“Today we’ve have heard about ways to give kids more choice and what we have received back would be all kinds of excuses and reasons why kids should not have that choice but (school) systems should have all the determining choices.” – Rep. Kristey Williams, Chair, House K-12 Budget Committee
Twenty-eight states have open enrollment laws that allow students to attend a public school outside of their home district, subject to there being capacity available in the receiving district. But even that tiny amount of choice is too much for education officials in Kansas. To them, the needs of students and parents are always subservient to the desires of the adults running the system.
The Kansas State Board of Education, the Kansas Association of School Boards, local school board members, a superintendent, the KNEA teacher union, and PTA board members testified yesterday in opposition to HB 2553, which would take Kansas from voluntary (the school district has control) to mandatory open enrollment. Their common objection was simply one of turf – they have control now and that’s the way it should be.
Staunch opposition from education officials stood in stark contrast to one proponent, Madi Ashour, who told the committee that she wouldn’t be there to advocate for students if not for open enrollment in Colorado. Ashour flew in from Colorado to tell legislators that she would have been trapped in the district where her parents could afford to live if not for open enrollment. Now, because the opportunity to attend another district got her a better education, she’s able to help others. Ashour is a Senior Regional Advocacy Associate for ExcelinEd.
No choice for the most needs parents and students
Education officials and their allies also opposed HB 2550 yesterday – education savings account legislation that would allow parents of low-income children (eligible for free or reduced lunch) or those receiving at-risk services to take some of their state funding to a school that provides better educational opportunities.
They offered the usual laundry list of objections – it’s not fair to the system, school officials want more funding and money-follow-the-child proposals aren’t in their financial interests, money shouldn’t go to religious schools (even though a growing list of U.S. Supreme Court opinions demonstrate that that is discrimination), yadayadyada.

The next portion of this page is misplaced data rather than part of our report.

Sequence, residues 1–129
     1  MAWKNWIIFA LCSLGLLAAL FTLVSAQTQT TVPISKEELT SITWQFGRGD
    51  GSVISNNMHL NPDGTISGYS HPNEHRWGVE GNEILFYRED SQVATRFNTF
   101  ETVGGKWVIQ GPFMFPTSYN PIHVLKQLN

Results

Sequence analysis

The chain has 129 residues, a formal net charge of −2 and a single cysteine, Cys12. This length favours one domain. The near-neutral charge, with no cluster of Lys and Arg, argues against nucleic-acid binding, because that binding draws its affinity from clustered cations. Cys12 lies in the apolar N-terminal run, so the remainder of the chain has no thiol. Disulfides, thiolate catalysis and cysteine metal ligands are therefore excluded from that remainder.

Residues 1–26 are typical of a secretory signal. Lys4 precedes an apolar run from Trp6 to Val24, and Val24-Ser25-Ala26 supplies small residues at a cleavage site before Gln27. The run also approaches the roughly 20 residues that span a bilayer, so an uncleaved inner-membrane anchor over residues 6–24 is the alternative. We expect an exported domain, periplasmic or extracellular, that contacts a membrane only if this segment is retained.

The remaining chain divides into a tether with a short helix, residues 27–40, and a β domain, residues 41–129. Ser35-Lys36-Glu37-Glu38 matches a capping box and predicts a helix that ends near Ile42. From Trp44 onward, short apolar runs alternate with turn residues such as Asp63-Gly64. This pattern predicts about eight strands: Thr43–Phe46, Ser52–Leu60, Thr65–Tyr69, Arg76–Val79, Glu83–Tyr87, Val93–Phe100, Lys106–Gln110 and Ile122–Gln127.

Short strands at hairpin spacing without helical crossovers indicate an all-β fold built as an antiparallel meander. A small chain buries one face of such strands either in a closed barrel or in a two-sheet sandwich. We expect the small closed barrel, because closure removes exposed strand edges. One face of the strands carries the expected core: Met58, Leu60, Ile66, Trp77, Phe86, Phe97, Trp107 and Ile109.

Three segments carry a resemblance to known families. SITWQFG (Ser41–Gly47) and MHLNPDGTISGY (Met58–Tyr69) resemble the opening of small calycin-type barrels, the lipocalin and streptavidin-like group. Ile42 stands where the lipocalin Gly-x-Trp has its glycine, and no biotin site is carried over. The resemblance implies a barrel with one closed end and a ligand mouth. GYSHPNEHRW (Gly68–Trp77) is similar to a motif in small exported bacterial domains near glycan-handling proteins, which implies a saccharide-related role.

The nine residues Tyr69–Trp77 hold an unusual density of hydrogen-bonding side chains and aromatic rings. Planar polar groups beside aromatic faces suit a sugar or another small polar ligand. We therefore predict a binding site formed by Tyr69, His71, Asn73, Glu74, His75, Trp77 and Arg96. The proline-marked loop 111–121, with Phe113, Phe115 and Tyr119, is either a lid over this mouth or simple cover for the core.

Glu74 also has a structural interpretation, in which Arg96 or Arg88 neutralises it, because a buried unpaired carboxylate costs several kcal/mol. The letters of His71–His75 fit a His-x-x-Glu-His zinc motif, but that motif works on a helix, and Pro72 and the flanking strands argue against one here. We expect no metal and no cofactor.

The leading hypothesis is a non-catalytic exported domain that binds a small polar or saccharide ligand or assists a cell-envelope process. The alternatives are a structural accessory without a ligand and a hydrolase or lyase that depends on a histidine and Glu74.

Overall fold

State Treasurer Lynn Rogers, whose office would administer ESAs, rattled off a litany of excuses while obscuring his real objection – he opposes anything that disrupts the public school monopoly. It was then-school board member Lynn Rogers who in 2017 had non-compete deed restrictions placed on buildings sold by the Wichita school district.
A paragraph in the contract to sell a vacant school says the property cannot be used or operated “as a school for grades K-12 if any source of funding for the school’s operations at any time derives from public funds (tax dollars) or if donors to the school qualify for the receipt of tax credits for such donations.”
Rogers, in a moment of honesty that stands in stark contrast to his testimony yesterday, said, “I don’t think we want to use our tax dollars and basically help someone else start a school that would compete against us,”
Just leave under-educated kids trapped in underperforming schools
Proponents of both bills cited a large volume of data and research explaining the need for educational choice and how it benefits all students, including:
- A quarter of public school students in Kansas were below grade level in 2016; now, a third are below grade level.
- There are more high school kids below grade level in Kansas than are on track for college and career. Only 21% of Kansas graduates who took the 2021 ACT test are considered college-ready in English, Reading, Math, and Science.
- Reading proficiency has declined in Kansas, but states with robust choice programs are showing strong gains.
- 25 of 28 academic studies find statistically significant positive results of choice programs.
Kansas Policy Insitute is a proponent of both pieces of legislation and owns The Sentinel.
Education officials and their allies didn’t take issue with these facts, nor did they offer any assurance that achievement would soon improve (but they did get in several plugs for more money).
It’s only a matter of when parents get more choice, not if
The arguments for and against choice this week were about the same as in prior years, but there was a noticeable change in legislators’ reactions.
Many more legislators challenged education officials to defend their positions and they took strong positions in favor of choice. Others who opposed choice in the past seemed more open to hearing how students stand to benefit.
There was a time when it was believed choice would never come to Kansas. That changed in 2014 with the tax credit scholarship program, which has been expanded several times. Now the atmosphere feels like it’s only a matter of time when more choice comes to Kansas, and the more that parents tell legislators what they want, the faster that time will come.